Internet Shakespeare Editions

Author: William Shakespeare
Editor: Hardin Aasand
Peer Reviewed

The Winter's Tale (Folio 1, 1623)


1
Actus Primus. Scœna Prima.
Enter Camillo and Archidamus.
Arch.
IF you shall chance (Camillo) to visit Bohemia, on
5the like occasion whereon my seruices are now
on-foot, you shall see (as I haue said) great dif-
ference betwixt our Bohemia, and your Sicilia.
Cam. I thinke, this comming Summer, the King of
Sicilia meanes to pay Bohemia the Visitation, which hee
10iustly owes him.
Arch. Wherein our Entertainment shall shame vs: we
will be iustified in our Loues: for indeed---
Cam. 'Beseech you---
Arch. Verely I speake it in the freedome of my know-
15ledge: we cannot with such magnificence--- in so rare---
I know not what to say--- Wee will giue you sleepie
Drinkes, that your Sences (vn-intelligent of our insuffi-
cience) may, though they cannot prayse vs, as little ac-
cuse vs.
20Cam. You pay a great deale to deare, for what's giuen
freely.
Arch. 'Beleeue me, I speake as my vnderstanding in-
structs me, and as mine honestie puts it to vtterance.
Cam. Sicilia cannot shew himselfe ouer-kind to Bohe-
25mia: They were trayn'd together in their Child-hoods;
and there rooted betwixt them then such an affection,
which cannot chuse but braunch now. Since their more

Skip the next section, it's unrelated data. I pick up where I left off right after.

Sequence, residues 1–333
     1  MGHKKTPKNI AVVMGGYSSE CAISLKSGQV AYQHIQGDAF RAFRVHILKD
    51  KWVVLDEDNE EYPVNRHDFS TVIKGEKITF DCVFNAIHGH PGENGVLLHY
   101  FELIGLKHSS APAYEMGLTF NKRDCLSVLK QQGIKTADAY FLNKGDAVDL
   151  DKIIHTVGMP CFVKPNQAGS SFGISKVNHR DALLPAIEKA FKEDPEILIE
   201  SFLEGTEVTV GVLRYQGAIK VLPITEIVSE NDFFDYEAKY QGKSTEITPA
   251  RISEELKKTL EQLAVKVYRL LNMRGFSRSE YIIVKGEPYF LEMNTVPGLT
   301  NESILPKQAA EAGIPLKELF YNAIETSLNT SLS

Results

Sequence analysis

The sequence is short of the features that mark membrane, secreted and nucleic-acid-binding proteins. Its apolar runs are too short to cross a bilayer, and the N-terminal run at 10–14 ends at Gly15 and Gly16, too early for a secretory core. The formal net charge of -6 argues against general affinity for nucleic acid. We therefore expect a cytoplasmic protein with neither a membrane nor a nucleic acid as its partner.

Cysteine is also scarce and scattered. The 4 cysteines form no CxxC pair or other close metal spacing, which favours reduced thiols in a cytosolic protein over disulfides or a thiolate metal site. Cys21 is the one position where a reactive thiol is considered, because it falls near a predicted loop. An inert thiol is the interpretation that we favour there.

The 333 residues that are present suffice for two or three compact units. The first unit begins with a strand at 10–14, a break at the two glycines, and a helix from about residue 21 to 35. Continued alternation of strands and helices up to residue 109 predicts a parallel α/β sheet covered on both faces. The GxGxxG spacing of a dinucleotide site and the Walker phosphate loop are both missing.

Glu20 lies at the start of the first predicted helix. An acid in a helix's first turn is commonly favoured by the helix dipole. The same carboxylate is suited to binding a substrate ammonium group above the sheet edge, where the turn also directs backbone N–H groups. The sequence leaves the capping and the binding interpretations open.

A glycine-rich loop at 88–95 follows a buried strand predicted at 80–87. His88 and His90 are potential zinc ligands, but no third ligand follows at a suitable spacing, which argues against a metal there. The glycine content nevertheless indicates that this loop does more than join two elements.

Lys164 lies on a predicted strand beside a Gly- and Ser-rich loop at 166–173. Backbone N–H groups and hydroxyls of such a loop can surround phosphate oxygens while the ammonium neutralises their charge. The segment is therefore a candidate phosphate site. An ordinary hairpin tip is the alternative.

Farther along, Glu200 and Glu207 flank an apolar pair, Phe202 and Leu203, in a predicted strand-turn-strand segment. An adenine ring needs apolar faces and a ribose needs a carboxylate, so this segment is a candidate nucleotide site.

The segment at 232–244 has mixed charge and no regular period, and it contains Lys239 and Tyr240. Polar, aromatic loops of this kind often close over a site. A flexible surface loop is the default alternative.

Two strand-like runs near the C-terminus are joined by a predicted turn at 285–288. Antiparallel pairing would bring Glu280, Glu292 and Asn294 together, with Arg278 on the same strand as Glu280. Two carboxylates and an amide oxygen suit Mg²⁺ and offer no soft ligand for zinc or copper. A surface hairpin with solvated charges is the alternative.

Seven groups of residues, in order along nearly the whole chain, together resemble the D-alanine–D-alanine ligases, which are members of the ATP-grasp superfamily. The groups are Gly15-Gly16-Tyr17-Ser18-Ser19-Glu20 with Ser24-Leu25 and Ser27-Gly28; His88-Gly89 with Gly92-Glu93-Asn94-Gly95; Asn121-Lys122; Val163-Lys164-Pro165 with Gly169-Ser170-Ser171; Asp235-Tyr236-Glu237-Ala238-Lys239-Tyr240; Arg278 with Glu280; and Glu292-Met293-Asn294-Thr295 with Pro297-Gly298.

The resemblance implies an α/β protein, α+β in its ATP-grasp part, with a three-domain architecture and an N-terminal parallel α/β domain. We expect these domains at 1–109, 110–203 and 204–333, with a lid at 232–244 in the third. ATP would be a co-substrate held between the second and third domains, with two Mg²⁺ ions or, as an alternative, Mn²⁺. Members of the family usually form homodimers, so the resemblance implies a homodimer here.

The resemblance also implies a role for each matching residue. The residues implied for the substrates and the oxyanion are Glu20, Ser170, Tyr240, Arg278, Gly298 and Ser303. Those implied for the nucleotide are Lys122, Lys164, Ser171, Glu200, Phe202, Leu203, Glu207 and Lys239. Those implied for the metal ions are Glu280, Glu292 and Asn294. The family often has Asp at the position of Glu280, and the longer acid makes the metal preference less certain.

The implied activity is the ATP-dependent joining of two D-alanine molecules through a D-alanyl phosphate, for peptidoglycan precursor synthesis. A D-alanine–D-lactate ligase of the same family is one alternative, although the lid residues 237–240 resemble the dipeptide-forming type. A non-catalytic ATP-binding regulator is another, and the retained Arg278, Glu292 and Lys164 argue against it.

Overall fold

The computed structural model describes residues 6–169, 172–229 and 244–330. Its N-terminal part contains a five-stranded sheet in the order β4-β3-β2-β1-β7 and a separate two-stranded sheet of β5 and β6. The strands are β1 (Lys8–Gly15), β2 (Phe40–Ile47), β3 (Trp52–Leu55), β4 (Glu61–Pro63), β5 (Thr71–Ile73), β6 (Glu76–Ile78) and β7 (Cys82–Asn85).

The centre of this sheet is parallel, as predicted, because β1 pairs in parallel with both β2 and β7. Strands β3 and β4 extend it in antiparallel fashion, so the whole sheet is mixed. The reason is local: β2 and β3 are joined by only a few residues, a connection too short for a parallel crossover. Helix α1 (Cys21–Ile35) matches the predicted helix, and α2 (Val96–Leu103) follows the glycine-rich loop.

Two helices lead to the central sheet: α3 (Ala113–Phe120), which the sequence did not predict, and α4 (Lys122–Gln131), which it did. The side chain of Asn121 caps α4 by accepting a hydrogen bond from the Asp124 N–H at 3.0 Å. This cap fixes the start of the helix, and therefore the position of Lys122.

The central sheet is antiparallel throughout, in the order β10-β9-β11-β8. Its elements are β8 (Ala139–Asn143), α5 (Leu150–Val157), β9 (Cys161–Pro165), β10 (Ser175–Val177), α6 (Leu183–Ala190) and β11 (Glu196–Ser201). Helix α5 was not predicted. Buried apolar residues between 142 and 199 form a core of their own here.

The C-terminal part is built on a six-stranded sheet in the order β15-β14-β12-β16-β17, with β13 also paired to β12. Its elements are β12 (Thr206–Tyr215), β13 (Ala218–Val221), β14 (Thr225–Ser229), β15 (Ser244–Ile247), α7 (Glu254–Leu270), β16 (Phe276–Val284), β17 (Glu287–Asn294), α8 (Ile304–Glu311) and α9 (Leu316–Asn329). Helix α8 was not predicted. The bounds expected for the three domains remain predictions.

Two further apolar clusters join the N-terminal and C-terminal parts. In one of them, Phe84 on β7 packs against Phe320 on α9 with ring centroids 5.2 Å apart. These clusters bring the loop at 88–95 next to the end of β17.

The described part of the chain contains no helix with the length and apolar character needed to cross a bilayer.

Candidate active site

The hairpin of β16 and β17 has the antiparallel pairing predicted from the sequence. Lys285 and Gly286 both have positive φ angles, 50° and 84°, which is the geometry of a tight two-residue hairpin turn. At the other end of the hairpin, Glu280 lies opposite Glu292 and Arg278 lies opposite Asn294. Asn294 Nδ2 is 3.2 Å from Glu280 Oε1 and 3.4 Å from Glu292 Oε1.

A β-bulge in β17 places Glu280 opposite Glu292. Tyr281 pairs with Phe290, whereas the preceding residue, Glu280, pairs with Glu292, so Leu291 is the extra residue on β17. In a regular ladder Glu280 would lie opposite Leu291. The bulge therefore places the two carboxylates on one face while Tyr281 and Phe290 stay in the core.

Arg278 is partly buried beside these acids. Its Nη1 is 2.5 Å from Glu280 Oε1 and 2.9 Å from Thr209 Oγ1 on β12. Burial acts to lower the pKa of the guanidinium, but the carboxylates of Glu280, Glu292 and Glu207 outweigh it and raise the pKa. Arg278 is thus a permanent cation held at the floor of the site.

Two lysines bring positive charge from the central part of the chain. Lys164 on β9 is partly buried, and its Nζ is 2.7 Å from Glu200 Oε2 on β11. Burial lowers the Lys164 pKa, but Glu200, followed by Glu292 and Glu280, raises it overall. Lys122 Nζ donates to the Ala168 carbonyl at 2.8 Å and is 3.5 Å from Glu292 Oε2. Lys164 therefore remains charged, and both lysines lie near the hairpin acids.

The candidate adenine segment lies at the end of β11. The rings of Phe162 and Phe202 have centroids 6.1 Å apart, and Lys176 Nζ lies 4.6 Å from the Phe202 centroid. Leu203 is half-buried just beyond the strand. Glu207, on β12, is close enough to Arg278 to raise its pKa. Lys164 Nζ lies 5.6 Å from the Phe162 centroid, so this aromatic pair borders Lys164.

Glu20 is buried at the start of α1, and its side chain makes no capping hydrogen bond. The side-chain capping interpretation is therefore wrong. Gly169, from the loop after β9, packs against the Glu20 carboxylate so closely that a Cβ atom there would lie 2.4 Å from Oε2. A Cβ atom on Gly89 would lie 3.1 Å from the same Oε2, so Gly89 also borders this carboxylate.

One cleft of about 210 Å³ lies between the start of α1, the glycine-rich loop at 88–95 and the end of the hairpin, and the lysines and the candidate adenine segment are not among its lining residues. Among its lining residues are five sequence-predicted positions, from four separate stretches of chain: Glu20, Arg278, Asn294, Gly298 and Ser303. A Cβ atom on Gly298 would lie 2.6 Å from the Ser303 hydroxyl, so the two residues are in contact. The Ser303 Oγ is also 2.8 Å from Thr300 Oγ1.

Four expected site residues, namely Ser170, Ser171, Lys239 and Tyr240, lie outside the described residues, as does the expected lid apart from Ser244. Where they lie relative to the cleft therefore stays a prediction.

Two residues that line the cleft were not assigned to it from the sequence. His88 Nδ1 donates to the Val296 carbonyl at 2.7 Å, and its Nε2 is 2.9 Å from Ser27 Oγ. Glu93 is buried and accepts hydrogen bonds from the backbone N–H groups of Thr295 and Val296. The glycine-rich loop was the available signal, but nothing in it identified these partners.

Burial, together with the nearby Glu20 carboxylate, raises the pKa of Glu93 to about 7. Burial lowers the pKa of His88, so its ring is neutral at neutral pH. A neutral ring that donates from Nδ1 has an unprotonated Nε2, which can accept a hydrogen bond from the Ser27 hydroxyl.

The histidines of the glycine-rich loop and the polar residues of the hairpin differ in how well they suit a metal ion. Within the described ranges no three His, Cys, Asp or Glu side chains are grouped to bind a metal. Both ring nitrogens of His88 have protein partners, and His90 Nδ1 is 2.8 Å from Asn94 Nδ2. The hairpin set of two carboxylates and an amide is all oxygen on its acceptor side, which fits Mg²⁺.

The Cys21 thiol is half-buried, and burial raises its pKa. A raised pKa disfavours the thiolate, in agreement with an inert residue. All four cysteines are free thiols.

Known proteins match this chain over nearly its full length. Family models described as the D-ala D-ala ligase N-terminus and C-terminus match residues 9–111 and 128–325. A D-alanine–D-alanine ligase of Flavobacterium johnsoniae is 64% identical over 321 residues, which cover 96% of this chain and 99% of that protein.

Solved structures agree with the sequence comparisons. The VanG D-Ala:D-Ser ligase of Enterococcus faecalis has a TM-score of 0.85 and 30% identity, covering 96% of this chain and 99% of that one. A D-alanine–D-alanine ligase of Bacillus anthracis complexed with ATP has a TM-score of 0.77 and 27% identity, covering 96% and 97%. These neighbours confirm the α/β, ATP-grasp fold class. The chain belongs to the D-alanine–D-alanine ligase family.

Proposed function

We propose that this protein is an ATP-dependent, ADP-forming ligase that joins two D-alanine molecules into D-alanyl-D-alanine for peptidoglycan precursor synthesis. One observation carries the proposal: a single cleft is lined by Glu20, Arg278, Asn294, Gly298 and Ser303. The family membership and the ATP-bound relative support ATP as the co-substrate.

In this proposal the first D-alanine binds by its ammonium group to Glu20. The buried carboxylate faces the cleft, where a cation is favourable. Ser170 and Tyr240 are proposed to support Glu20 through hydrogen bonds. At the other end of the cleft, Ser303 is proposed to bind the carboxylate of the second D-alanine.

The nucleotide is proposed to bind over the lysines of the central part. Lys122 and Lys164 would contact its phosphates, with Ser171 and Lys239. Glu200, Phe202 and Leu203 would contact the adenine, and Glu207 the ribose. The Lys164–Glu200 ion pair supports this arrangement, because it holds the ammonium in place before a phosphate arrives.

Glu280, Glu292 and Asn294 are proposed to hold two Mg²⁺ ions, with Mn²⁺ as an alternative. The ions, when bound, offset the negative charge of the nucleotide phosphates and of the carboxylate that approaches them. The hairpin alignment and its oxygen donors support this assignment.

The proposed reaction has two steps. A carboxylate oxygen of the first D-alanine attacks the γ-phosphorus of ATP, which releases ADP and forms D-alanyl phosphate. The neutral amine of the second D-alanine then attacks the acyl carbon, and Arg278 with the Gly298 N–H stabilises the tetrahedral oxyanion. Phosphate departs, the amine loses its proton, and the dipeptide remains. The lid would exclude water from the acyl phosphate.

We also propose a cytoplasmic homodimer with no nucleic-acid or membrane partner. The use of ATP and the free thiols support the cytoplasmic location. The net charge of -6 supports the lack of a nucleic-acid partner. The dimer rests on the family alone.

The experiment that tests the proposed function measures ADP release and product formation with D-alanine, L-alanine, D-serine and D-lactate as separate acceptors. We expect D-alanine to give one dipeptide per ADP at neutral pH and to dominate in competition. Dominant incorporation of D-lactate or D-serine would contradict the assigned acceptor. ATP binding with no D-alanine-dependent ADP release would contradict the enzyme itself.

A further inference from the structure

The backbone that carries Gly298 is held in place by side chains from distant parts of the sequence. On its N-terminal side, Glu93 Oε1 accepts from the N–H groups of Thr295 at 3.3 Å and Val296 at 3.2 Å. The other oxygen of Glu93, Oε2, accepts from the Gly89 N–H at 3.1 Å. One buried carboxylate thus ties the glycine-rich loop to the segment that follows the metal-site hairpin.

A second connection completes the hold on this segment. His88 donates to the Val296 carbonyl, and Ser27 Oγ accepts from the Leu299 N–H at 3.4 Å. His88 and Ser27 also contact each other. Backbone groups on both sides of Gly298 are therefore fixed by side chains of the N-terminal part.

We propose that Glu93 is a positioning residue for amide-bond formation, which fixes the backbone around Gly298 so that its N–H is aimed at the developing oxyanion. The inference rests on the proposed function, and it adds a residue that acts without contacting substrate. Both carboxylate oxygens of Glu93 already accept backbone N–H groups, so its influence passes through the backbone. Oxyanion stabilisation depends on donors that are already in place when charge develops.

mature Dignities, and Royall Necessities, made seperati-
on of their Societie, their Encounters (though not Perso-
30nall) hath been Royally attornyed with enter-change of
Gifts, Letters, louing Embassies, that they haue seem'd to
be together, though absent: shooke hands, as ouer a Vast;
and embrac'd as it were from the ends of opposed Winds.
The Heauens continue their Loues.
35Arch. I thinke there is not in the World, either Malice
or Matter, to alter it. You haue an vnspeakable comfort
of your young Prince Mamillius: it is a Gentleman of the
greatest Promise, that euer came into my Note.
Cam. I very well agree with you, in the hopes of him:
40it is a gallant Child; one, that (indeed) Physicks the Sub-
iect, makes old hearts fresh: they that went on Crutches
ere he was borne, desire yet their life, to see him a Man.
Arch. Would they else be content to die?
Cam. Yes; if there were no other excuse, why they should
45desire to liue.
Arch. If the King had no Sonne, they would desire to
liue on Crutches till he had one.
Exeunt.